Leverkusen, Germany-Standard aluminum automobile license plates are unevenly lit by a small number of lights positioned around them. If these lights could be replaced, by an alternate procedure, it might offer designers new freedom in customizing rear-end design; and a more visible license plate could help in rear-end accident avoidance. If the license plate could shine from within, for example, it would make the entire unit highly visible, and of course this would eliminate the external lights.
A new self-luminous plate introduced by 3M has recently been featured in several automotive magazines. A custom-made special transparent polycarbonate film from the Bayer Material Science AG Makrofol Bayfol product line supports reflective film, from 3M, acting to distribute the light evenly over the surface of the license plate.
The plate made of Bayblend T65 incorporates the light source, which is made of numerous light emitting diodes (LEDs). The polycarbonate/ABS blend was chosen because it is dimensionally stable, less prone to distortion, heat, and impact resistant to temperature extremes.
The translucent front casing, on which the license details are positioned, is formed from a 2mm-thick sheet of polycarbonate. A special operation gives the sheet a matte finish on one side, ensuring that plate details are optically isolated for the light distributing system. A special surface layer on the sheet enables laser welding to create a long-lasting, tough seal between the sheet and the housing.
The construction is complete on the outside by the actual license plate details, a laminate of other special reflective and translucent film from 3M and the carrier from Bayer. According to Dirk W. Pophausen, a technical manger for Bayer Material Science AG, “It is important that our films can be formed with a minimal tendency to warp using the simple conventional cold-stamping machines found at the license plate workshops attached to vehicle registration offices in Germany.”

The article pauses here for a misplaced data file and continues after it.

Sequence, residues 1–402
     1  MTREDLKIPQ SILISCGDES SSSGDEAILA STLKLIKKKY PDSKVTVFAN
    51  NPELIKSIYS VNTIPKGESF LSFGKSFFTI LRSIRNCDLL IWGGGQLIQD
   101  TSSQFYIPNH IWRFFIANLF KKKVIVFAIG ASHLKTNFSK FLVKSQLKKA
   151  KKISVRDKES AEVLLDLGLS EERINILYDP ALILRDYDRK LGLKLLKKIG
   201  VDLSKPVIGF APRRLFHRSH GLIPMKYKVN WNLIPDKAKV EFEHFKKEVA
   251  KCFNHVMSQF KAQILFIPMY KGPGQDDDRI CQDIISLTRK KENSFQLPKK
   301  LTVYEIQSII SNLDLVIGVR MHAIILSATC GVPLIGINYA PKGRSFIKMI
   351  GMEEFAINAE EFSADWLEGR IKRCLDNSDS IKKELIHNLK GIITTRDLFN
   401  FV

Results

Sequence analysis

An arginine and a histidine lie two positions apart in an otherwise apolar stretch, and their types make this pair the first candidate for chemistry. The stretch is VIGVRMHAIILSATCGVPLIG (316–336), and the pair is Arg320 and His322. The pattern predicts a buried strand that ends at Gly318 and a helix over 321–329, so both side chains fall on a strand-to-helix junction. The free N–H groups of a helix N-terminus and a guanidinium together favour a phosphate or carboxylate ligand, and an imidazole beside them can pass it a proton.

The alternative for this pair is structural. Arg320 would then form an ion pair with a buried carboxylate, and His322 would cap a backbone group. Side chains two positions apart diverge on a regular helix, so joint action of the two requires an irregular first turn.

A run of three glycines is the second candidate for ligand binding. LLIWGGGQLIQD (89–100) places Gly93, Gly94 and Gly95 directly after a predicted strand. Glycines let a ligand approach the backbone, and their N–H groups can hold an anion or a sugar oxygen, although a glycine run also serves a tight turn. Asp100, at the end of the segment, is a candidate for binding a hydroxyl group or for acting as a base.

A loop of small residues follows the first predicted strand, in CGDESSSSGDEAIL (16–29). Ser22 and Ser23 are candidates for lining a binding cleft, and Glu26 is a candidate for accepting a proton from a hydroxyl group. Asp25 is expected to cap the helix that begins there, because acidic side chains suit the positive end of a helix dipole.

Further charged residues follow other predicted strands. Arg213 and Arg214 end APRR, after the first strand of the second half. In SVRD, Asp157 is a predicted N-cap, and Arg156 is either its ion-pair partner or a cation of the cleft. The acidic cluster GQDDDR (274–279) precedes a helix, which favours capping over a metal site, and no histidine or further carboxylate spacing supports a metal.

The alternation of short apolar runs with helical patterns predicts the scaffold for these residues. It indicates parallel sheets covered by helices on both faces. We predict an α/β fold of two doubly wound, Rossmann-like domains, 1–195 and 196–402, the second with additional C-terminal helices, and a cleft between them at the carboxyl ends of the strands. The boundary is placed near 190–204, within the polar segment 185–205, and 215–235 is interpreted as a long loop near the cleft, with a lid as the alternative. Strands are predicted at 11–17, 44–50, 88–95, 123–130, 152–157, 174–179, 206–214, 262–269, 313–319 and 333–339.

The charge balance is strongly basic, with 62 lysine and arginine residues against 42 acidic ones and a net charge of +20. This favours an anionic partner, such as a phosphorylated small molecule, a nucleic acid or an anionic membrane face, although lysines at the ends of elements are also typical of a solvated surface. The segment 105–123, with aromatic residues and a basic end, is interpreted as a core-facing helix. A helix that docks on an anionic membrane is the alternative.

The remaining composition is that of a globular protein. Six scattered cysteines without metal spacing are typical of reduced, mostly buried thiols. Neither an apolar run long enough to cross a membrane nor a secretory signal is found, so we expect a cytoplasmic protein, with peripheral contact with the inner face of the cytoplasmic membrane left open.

Marking a big hit at IMTS
Chicago, IL-As you walk the North Hall at McCormack you are struck by the change from two years ago. Then, three main aisles were heavily dominated by industrial laser related exhibitors, led by massive displays of laser cutting equipment from companies such as TRUMPF, Mazak, Amada, and Mitsubishi. Standing at the front of the hall, one gained a powerful image of industrial laser technology. This year the visual image has changed as the companies supplying laser cutters for sheet metal fabricating have chosen to reduce their presence at IMTS in favor of a stronger presence at Fabtech. The reasoning: IMTS is considered, by them, to be a machining show, drawing an increasingly smaller fabricating attendance.
On its own, this exhibit space reduction would not be a significant factor except that the large number of smaller exhibits, by companies that supply other laser systems and related industrial laser products, rely, to an extent, on the clout of the big exhibitors. The 2006 version of IMTS presented about 42 laser related exhibits in the North Hall, including reduced floor space exhibits by Mazak and TRUMPF. Among the larger, more visible exhibits were Rofin Sinar, PRC, Baublys Control Laser/ Control Systemation, LASAG, and Laservall.
After touring the five aisles that made up the area where the bulk of the laser exhibits were situated, one gained the impression that IMTS 2006 was mostly a laser marking show. We visited 22 companies showing laser marking/engraving equipment and for the most part these exhibitors told us that they were very pleased by attendance and business prospects, at least for the first three days, the heaviest show attendance days. In the two other halls we saw another dozen companies with industrial laser products, not counting a number of companies that showed laser measurement and alignment equipment, which ILS does not report on.
We met with and questioned all the industrial laser exhibitors and came to the conclusion that the results from IMTS 2006 would be closely evaluated to determine this show’s efficacy as an event for 2008. As a show of marking might, there is no doubt that IMTS made a strong impression. And because this show draws a diverse attendance from manufacturing companies who show interest in this technology, marking may well be the focus for the future. There is no question that the fabricating equipment exhibitors will maintain a token presence at IMTS because they are committed to the increasing attendance at Fabtech. But as one supplier told us, even though only 18,000 fabricating interests were expected to attend this year, they can’t ignore them, and thus they will continue with a smaller exhibit.